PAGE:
JC: Well, I’m going to. David said last night, “you’ve gotta come out, we’ve got this stuff to sing. I’ll pay your ticket, no problem with that, you’ve just gotta come out”. I was behind him, all the way on this Karen O album, I thought the reviews were very unfair, I mean the girl does not sing like me. She’s belting – when I belt I’ll shatter the glass. She’s singing from the heart. They just put on an effect that everyone, even Bono uses. They used it in jazz for a long time. Buddy Holly did it by singing in the bathroom.
BD: Are you working on any new songs these days?
JC: No. I have quite a catalog because I’ve collaborated with 18 bands. The whole electronic scene, they’re mean, the English. We’re Irish, and they’re mean motherfuckers and I’m going to audit them. I don’t care if they have kids. Pay up.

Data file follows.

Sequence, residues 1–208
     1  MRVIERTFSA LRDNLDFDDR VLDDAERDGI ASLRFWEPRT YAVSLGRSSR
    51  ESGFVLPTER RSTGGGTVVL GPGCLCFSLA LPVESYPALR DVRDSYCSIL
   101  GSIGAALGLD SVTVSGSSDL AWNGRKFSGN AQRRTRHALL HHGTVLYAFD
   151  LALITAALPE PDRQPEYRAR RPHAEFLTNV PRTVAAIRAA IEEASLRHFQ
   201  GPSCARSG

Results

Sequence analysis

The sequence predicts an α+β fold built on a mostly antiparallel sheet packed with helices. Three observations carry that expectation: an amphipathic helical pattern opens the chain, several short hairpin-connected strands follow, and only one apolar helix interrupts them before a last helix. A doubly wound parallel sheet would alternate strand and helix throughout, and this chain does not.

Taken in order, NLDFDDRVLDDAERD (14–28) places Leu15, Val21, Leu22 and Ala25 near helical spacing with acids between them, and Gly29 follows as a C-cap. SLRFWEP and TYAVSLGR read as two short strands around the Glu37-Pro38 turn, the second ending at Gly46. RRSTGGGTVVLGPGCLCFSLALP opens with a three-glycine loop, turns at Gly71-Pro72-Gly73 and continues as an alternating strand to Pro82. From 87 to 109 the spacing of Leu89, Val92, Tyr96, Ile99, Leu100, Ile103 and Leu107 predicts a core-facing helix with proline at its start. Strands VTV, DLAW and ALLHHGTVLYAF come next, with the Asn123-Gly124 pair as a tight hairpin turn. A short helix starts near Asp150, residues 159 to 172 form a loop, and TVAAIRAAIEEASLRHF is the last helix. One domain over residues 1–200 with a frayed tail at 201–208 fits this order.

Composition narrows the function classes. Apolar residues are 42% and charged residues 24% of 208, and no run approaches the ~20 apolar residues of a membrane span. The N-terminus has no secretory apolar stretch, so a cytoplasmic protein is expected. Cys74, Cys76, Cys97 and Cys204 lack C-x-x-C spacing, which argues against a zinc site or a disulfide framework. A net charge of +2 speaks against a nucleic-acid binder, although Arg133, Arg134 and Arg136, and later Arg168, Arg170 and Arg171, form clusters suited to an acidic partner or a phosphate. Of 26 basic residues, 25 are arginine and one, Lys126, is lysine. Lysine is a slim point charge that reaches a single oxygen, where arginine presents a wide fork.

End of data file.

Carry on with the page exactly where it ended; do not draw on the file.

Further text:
BD: I am curious, what are some of your all time favorite artists?
JC: Traffic, every Steely Dan (album) there is transcends me. Carlos Santana, Alanis Morrissette… I love the writing of her lyrics, how the cadence is off and it fits. There’s The B-52′s, they’re great and there’s Norah Jones, she makes me cry. There’s Marvin Gaye – probably my favorite as well as McCoy Tyner. Real hardcore jazz. Not crossover, I hate crossover unless it’s Miles Davis. He was the first one that did it, and then everyone else made money. I loved Wrecking Ball too, I thought Emmy Lou Harris did a great job on that. I like all kinds of music if it’s done well. There was a division growing up that there isn’t now. There’s a lot of crap. Anyone with a computer can do it, and the problem is they can’t perform it! So they have to rely on the record company, the machine. Now there’s no such thing as a worldwide record company.